Canadian economy picks up
Canada's economic output picked up speed to a a 0.4 per cent pace in May, setting the stage for a second quarter expansion that is expected to help reverse the year's slow start.
Economists had anticipated May would show signs the economy was putting the weak start to 2014 behind it, especially since the U.S. reported Wednesday that its output had grown by four per cent annualized during the April to June period.
But the May uptick was a little faster than even analysts had anticipated, suggesting a second quarter number of 2.5 per cent that will be bigger and in line with what had previously been considered an overly optimistic forecast by the Bank of Canada.
Analysts said the result takes the sting out of the first quarter slowdown to 1.2 per cent annualized growth and the unexpectedly weak 0.1 per cent monthly gain of April that had economists downgrading expectations for the second quarter as well.
"Looking further ahead, yesterday's stronger-than-expected preliminary U.S. real GDP reading, combined with an improving U.S. labour market, confirms our expectation of an acceleration in economic activity stateside," TD Bank economist Jonathan Bendiner said in a note to clients.
"This augurs well for Canada's export sector, which will increasingly be relied upon to fuel economic growth as domestic sources of growth are likely to wane."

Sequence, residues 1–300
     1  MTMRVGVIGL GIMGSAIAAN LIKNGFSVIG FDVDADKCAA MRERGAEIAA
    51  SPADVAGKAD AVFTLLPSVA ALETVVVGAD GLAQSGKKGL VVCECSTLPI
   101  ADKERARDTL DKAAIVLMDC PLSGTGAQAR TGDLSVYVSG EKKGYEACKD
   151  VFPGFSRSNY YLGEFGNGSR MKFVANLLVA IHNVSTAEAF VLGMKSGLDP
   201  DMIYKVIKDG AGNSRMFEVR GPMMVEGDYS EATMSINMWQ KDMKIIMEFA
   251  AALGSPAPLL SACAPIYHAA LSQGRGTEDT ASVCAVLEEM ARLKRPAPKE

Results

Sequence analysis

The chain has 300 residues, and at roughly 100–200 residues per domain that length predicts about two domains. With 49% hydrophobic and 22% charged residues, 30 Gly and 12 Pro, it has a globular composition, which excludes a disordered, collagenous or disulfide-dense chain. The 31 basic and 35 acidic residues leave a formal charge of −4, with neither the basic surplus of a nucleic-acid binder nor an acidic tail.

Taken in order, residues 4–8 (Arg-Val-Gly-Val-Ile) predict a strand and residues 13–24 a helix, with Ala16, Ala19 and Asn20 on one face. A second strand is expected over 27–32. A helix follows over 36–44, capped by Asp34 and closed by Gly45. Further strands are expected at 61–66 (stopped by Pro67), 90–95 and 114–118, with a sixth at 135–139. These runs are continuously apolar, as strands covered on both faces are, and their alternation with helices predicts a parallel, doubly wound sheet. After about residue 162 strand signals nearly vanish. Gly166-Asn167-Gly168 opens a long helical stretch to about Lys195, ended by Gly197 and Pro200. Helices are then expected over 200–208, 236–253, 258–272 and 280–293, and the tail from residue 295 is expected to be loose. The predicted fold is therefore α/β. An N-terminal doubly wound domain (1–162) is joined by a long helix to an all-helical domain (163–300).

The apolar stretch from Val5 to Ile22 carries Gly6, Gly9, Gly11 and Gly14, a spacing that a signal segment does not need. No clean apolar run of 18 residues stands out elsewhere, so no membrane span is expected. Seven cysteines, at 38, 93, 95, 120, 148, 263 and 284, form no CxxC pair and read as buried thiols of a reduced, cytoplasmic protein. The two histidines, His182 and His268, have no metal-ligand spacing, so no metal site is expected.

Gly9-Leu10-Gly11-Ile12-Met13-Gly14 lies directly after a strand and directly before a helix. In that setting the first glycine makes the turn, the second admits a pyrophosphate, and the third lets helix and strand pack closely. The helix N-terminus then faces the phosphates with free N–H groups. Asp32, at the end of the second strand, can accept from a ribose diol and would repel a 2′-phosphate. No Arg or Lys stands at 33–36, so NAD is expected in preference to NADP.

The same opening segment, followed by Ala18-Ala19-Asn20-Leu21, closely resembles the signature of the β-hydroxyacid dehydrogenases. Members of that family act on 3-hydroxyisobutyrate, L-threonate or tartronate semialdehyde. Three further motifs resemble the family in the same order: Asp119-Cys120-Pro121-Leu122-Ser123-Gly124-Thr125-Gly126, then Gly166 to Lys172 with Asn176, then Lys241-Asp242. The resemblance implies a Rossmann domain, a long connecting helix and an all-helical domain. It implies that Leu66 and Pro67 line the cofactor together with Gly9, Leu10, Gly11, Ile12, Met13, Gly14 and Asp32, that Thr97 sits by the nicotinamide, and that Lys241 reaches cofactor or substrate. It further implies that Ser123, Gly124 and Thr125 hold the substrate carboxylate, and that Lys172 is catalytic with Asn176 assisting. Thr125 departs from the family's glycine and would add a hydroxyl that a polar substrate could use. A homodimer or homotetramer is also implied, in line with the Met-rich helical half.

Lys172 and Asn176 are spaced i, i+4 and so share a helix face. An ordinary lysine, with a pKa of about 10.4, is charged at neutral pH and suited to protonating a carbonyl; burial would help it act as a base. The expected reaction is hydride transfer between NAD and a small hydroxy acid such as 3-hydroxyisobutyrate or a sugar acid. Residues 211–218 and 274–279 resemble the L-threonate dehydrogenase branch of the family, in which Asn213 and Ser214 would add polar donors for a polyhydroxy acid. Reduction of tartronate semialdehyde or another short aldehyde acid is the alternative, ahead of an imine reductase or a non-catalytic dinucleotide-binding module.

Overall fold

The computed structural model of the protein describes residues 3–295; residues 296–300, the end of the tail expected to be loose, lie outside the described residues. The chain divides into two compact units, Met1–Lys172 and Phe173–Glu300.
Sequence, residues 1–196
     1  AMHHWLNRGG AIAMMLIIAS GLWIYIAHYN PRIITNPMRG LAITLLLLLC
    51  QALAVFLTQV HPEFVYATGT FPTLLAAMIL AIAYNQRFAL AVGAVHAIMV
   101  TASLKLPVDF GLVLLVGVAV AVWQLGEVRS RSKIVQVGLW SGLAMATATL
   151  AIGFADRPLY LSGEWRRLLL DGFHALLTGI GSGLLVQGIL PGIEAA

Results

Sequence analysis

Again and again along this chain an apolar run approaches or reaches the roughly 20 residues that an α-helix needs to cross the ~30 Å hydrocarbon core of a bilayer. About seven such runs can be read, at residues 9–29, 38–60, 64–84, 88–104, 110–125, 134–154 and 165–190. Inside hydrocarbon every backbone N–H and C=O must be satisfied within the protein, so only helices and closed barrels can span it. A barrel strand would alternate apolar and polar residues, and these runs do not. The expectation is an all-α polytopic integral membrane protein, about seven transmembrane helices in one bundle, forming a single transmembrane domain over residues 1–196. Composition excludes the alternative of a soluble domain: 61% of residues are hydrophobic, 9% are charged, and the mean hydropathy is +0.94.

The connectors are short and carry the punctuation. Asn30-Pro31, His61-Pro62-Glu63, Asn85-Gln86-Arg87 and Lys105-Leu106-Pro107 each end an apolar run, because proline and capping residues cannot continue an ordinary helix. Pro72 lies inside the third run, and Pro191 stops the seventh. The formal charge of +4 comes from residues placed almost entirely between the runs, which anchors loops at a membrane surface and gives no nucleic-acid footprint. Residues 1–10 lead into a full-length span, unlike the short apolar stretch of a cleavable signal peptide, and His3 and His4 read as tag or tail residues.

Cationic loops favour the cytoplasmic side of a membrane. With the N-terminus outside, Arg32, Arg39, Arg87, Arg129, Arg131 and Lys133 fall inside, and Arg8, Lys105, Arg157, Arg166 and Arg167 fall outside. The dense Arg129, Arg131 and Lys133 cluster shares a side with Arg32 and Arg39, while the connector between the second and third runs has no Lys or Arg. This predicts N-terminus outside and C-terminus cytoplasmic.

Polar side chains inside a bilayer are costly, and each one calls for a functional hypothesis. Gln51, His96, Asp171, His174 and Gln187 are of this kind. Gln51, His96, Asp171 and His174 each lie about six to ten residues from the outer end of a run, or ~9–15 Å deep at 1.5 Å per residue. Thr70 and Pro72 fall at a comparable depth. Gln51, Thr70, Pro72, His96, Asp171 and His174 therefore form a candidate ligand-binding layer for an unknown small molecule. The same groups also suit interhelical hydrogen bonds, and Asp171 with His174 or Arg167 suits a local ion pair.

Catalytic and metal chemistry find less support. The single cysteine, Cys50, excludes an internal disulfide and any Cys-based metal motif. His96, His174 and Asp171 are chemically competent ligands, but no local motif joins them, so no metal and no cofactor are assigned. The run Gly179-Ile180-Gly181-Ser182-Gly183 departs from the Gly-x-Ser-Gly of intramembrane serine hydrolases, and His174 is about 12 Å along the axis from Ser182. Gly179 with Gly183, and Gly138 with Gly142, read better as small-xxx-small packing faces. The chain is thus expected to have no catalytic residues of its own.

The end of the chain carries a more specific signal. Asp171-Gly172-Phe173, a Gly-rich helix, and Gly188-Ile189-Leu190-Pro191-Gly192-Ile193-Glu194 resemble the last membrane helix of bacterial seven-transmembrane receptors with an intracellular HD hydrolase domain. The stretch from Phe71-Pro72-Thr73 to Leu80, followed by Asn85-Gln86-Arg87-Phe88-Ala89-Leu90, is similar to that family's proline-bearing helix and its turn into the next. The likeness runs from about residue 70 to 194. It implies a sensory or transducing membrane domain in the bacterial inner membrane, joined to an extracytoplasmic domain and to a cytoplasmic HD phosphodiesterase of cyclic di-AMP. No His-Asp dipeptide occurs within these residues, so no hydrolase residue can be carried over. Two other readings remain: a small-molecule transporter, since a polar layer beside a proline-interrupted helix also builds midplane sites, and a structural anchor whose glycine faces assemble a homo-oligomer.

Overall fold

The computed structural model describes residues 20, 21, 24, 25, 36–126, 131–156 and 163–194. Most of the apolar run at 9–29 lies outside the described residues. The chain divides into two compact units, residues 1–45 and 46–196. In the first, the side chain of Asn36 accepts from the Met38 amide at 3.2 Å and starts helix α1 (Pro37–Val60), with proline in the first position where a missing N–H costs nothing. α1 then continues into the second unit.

There is already evidence the strong U.S. bounce is lifting Canadian economic activity.
The big winner in May was goods production, which rose 0.5 per cent and especially the auto sector that is dependent on exporting to the U.S. market. The auto assembly industry advanced by 13.5 per cent.
Overall, the troubled manufacturing sector, which is also export dependent, had a good month with a gain of 0.8 per cent from April.
While the results were encouraging for the Canadian economy ahead, analysts said they were unlikely to influence the Bank of Canada's position on interest rates since they are in line with its expectations.
More critical to the bank's decision on when to start raising rates will be what occurs in the U.S. and whether the Federal Reserve moves up their plans to tighten interest rates. Most analysts believe that, given the dropping unemployment rate and accelerating economy, the Fed may move as early as mid-2105, which could also force Canadian bank governor Stephen Poloz's hand.
May's result constituted the fifth consecutive month that GDP has risen in Canada.
Aside from manufacturing, the mining, oil and gas sector also showed strength, advancing by 0.7 per cent with crude oil production leading the way. Mining activity excluding oil and gas fell 1.5 per cent, however, due to maintenance activities.
Construction picked up in May by 0.5 per cent following two consecutive declines.
Meanwhile, the service sector increased by 0.4 per cent.
In a separate report, Statistics Canada said weekly earnings in Canada had risen by 2.6 per cent in May over the past year, slightly ahead of the current inflation rate. As well, the agency said non-farm payroll employment had increased by 158,500, or one per cent, over last May, a higher level of job creation than tracked by the more often quoted labour market survey.
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